·        I dry store my nappies in a bucket with a tight fitting lid. This eliminates smell but also means that I can do a full machine load in one go rather than lots of small washes.  I do no more than two washes of cloth nappies per week, I make sure all Velcro tabs are folded down before the nappies go into the bucket then as I empty them into the machine I unfold or untuck any pads or stuffers.

·        Hanging up nappies on the washing line takes no more than about 10 minutes, so with two loads that’s just 20 minutes per week, so not a huge amount of additional time.  If you use the tumble dryer than this time is reduced even further as you just transfer the whole lot into the dryer, switch on and walk away.

·        Finally using cloth wipes rather than disposables is a great time saver as far fewer wipes are required on a poopy bum when you use washables.  By this I mean you usually only need one wipe per poop, and the actual process takes less time and the fluffy fibres on the cloth and the size means than one or two wipes over the bum and it’s done.  You can also save time by whacking them in the washing machine with the nappies.

I imagine you expect cloth nappies to be a bit gross to deal with but over the years I have developed techniques that have made dealing with the dirties much easier.

·        To begin with, when I remember, I carry a bag around with me to put the poopy nappy into if I am changing it on the go.  Sometimes I forget and then end up in a sandwich bag at the bottom of my rucksac for a week!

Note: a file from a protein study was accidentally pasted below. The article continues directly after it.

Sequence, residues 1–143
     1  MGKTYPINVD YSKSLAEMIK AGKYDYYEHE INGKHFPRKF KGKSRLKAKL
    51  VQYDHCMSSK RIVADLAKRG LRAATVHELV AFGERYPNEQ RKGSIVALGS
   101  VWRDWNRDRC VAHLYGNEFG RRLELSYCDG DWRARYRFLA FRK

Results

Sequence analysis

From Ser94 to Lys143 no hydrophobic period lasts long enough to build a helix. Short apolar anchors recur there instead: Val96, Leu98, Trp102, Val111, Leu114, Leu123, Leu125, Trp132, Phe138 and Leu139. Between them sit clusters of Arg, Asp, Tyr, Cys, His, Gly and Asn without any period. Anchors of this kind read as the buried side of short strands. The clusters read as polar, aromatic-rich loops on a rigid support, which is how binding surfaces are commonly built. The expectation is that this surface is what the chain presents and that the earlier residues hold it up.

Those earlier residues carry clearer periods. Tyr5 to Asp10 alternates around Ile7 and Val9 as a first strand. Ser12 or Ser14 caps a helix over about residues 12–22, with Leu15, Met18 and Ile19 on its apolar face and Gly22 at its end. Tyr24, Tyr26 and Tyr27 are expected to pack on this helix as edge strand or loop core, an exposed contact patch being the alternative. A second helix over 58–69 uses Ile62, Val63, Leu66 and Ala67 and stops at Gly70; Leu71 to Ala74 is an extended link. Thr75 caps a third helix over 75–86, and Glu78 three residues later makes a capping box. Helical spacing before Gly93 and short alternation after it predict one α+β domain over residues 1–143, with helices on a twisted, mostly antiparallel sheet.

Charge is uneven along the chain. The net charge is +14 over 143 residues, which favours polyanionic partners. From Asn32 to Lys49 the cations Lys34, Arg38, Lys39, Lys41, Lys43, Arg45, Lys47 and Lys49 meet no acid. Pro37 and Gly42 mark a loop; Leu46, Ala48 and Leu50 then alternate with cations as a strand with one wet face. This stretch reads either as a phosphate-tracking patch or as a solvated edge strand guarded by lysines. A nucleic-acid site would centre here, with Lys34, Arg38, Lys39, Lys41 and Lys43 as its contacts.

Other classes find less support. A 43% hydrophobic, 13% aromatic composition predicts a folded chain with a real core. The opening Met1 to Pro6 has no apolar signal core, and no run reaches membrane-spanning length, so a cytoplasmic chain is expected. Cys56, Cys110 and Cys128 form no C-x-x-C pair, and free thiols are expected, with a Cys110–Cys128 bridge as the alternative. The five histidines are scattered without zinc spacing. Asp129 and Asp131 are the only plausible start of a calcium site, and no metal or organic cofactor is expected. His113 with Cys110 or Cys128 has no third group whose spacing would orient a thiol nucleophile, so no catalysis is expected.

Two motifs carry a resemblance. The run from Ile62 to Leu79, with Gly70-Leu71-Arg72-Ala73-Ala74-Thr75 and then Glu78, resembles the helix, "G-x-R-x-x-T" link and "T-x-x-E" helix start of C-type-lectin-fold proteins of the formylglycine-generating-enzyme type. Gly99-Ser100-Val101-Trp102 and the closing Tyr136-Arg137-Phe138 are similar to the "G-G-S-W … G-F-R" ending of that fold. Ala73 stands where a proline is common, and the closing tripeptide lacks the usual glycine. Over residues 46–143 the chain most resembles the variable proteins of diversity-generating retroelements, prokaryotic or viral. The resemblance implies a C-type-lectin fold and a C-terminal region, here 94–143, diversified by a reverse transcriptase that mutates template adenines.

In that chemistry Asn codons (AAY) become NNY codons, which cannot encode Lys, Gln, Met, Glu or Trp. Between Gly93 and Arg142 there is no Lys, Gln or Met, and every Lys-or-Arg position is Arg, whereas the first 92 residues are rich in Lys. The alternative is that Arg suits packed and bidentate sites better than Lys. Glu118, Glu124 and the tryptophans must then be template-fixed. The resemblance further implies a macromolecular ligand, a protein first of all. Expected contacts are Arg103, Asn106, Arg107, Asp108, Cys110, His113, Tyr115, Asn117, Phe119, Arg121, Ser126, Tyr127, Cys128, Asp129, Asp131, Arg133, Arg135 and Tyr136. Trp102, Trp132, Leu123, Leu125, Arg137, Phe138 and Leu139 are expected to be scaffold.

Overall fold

·        As I said above I dry store my nappies in a bucket with a tight fitting lid which keeps in the smell, when it then comes to washing the nappy I can just toss them all into the machine.  Some people choose to wet store the nappies in a bucket of water with special detergent but I never liked the idea of transferring dripping nappies to the washing machine then having to deal with the poopy soup left behind in the nappy bucket.

·        Before your baby is six months old it is simple to just put the nappy, poop and all straight into the machine.  But once they are weaned and producing proper poops these need to be removed from the nappy first.  Some people find using a disposable nappy liner makes this a much easer process but I found I could fairly simply flick the poop into the toilet from the nappy if it was dry enough. 

·        Wiping a baby’s bum with a washable wipe is far less messy than with a disposable, your fingers don’t get poop on them because the cloth is so much thicker and larger than a disposable.  Far more hygienic and quicker.

So remember if you feel drawn to using cloth nappies, there is no need to be a perfectionist.  You don’t need to stick religiously to one brand, or use the right boosters with the right nappy.  After ten years of cloth nappy use I am now happy to use any thing I have lying around to stuff a nappy, mixing and matching brands and types and I’ve even been known to use old flannels when I ran out of stuffers! So long as it is absorbent I don’t care what type I stuff it with. 

Using cloth nappies doesn’t have to be all or nothing. Even if you are only reducing your use of disposable nappies but one or two per day, that is still going to have an impact over the years.  I used to be so militant at times, but I have come to realise that, when it comes to enjoying life, all things in moderation if a good rule of thumb, and it is ok to not be perfect.  I now mostly use disposables at night and cloth in the day, sometimes I use disposables in the day too like if we are going out on a day trip and I don’t want to carry the dirty cloth nappy in my rucksac all day, I don’t feel guilty about it because I know I am doing the best I can.  I have made peace with not being perfect.